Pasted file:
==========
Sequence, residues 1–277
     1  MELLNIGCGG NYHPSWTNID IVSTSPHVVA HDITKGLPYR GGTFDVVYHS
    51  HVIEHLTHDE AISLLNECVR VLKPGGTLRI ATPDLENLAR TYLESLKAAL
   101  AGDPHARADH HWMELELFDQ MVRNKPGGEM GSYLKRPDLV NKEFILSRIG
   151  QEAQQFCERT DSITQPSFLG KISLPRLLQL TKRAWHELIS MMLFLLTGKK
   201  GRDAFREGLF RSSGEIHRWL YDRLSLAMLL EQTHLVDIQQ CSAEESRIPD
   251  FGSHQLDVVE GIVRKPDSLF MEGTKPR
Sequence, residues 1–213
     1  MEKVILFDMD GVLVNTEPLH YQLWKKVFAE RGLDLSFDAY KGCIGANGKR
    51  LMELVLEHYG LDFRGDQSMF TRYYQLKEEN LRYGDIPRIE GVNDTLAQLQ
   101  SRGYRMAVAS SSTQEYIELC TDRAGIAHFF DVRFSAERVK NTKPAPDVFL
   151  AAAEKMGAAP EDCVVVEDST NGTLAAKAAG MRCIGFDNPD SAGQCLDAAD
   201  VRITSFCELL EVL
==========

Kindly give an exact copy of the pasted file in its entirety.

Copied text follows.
Sequence, residues 1–277
     1  MELLNIGCGG NYHPSWTNID IVSTSPHVVA HDITKGLPYR GGTFDVVYHS
    51  HVIEHLTHDE AISLLNECVR VLKPGGTLRI ATPDLENLAR TYLESLKAAL
   101  AGDPHARADH HWMELELFDQ MVRNKPGGEM GSYLKRPDLV NKEFILSRIG
   151  QEAQQFCERT DSITQPSFLG KISLPRLLQL TKRAWHELIS MMLFLLTGKK
   201  GRDAFREGLF RSSGEIHRWL YDRLSLAMLL EQTHLVDIQQ CSAEESRIPD
   251  FGSHQLDVVE GIVRKPDSLF MEGTKPR
Sequence, residues 1–213
     1  MEKVILFDMD GVLVNTEPLH YQLWKKVFAE RGLDLSFDAY KGCIGANGKR
    51  LMELVLEHYG LDFRGDQSMF TRYYQLKEEN LRYGDIPRIE GVNDTLAQLQ
   101  SRGYRMAVAS SSTQEYIELC TDRAGIAHFF DVRFSAERVK NTKPAPDVFL
   151  AAAEKMGAAP EDCVVVEDST NGTLAAKAAG MRCIGFDNPD SAGQCLDAAD
   201  VRITSFCELL EVL